‘It’s too late now, Kate,’ he said after a while, coolly removing his cigar, which he had lighted at the first appearance of lamentation. ‘Better clear out for Eumeralla and make it up with Trevenna. I believe you carried on with him till Lance came on the scene. He’s a handsome fellow, and Tessie, you know, and some other people couldn’t tell the difference.’

Then he laughed in a sardonic, derisive manner, as though the joke was an exceedingly good one—irresistible indeed.

Kate Lawless dried her eyes and looked keenly at him with an expression of contempt and dislike which, in spite of his habitual indifference, he by no means relished.

‘Frank Dayrell,’ she said, ‘I believe you’re the very devil himself; I see your game partly now. You’d a down on Lance because Tessie was gone on him, and wouldn’t look at you. That’s a nice reason to lag a man for, isn’t it? And if you’d play false in one thing, you would in another. I see how you’ve worked it, partly. When I find out the rest it’ll be a bad day for you, mark my words. Good-bye.’

‘Good-bye, Miss Lawless!’ here he made her a deferential and elaborate bow. ‘You’d better be civil though, or I may have to run in Larry Trevenna. That’ll make a double widow of you—the man you’ll marry and the man you were going to marry. Smart work that, eh?’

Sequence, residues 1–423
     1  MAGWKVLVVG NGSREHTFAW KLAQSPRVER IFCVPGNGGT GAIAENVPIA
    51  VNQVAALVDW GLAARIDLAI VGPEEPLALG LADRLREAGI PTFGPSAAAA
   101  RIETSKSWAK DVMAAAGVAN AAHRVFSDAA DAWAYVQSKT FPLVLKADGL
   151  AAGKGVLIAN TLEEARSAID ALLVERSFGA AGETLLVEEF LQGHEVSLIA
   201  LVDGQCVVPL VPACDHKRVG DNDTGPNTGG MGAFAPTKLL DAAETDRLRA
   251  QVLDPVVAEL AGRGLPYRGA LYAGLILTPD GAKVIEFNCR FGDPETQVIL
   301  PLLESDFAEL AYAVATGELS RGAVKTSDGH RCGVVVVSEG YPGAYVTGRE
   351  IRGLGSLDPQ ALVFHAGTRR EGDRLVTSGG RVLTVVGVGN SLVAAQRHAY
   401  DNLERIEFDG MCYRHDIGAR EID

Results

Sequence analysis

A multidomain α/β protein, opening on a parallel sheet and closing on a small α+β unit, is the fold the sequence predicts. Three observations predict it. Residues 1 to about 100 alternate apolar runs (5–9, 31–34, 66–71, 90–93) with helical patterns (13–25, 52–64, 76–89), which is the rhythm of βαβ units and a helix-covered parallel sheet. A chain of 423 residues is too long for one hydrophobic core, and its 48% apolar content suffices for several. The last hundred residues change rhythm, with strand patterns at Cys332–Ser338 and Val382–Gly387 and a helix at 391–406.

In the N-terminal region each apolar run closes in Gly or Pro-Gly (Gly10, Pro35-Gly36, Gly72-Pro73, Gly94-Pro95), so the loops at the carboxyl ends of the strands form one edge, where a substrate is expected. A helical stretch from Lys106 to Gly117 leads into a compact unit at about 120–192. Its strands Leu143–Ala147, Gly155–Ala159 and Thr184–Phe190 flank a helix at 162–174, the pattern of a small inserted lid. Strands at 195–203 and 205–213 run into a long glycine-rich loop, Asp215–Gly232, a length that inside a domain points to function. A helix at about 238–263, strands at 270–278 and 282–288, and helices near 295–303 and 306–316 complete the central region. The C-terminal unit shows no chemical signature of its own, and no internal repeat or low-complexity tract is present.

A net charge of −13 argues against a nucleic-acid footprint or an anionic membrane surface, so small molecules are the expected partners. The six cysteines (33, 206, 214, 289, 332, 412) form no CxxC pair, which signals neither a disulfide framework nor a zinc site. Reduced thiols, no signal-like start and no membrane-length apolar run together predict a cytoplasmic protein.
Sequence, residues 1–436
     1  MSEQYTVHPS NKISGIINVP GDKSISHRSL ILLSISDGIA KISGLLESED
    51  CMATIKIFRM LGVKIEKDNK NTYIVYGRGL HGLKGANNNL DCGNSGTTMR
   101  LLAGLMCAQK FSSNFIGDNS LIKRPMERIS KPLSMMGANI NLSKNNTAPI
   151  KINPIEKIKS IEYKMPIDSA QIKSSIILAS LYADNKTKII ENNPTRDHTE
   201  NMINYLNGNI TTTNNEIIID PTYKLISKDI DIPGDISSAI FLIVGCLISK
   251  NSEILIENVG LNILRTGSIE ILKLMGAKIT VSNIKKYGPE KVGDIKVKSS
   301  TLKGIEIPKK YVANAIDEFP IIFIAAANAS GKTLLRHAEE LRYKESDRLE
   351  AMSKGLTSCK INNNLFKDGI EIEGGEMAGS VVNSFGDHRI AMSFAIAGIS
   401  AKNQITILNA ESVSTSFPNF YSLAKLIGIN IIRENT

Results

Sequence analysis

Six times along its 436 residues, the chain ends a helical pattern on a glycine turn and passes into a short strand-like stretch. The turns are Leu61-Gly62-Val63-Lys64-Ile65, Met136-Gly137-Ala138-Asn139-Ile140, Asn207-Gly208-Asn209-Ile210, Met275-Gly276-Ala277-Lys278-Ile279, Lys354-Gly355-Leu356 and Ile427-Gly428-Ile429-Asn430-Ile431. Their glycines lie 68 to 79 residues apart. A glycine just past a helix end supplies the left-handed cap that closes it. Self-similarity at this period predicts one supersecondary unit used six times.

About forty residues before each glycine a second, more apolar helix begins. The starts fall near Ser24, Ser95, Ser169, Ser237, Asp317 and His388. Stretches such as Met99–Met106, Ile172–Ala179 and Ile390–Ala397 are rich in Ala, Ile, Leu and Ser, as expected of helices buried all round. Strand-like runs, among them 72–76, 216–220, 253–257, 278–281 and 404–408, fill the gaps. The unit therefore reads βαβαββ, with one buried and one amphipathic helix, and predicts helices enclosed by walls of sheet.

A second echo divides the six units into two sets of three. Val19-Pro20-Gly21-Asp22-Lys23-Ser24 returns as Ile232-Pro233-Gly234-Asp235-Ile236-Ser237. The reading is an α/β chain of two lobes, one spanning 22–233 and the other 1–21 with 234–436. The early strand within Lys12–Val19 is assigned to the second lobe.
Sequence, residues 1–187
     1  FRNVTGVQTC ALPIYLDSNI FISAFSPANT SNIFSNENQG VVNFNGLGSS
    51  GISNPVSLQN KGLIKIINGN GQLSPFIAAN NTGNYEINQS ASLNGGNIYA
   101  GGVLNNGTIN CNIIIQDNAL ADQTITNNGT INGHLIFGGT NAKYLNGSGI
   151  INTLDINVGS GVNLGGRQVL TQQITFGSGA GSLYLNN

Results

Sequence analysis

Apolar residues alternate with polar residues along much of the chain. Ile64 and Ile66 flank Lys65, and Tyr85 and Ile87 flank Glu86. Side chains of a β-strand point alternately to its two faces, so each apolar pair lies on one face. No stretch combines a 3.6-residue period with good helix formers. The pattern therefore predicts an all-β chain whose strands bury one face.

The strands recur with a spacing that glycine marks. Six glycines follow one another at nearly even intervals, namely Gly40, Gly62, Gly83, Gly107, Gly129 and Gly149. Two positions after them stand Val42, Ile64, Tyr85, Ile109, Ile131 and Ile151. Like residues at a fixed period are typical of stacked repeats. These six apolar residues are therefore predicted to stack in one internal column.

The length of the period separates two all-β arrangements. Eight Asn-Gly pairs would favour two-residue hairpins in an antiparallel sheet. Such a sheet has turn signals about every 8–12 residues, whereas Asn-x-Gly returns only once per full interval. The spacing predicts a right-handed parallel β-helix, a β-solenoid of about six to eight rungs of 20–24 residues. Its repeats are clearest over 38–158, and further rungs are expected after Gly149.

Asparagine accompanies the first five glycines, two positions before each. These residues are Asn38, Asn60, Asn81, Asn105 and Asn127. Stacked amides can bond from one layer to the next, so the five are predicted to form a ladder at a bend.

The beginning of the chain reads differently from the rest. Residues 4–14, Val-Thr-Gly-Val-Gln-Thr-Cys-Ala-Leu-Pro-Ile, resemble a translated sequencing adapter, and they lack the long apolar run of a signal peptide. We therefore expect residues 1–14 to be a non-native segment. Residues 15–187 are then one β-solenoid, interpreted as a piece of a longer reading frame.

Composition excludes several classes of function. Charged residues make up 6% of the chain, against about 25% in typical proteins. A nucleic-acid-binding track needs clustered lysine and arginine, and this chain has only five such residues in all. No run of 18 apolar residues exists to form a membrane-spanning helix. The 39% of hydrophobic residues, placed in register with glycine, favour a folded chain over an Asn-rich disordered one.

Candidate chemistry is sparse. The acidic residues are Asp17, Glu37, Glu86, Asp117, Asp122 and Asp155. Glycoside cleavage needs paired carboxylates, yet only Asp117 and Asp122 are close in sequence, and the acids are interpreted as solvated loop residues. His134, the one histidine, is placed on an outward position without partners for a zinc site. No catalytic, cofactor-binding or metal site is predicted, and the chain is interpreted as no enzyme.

‘You look out for yourself, Dayrell,’ she replied, as she moved slowly away from him. ‘You’re pretty smart, but that mightn’t save you some day. You take my tip and leave us alone from this day out.’

Thus they parted. The girl walked sullenly away—the Sergeant, strolling in another direction, hummed an air from an opera, stepping lightly as might a man without a care in the world. Had he but known the future! How heedless are the feet of men, surrounded by the traps and pitfalls of Fate, all ignorant, mercifully, that a few inches one way or the other means instant, irrevocable destruction. As for the woman, she went on her way and he saw her no more.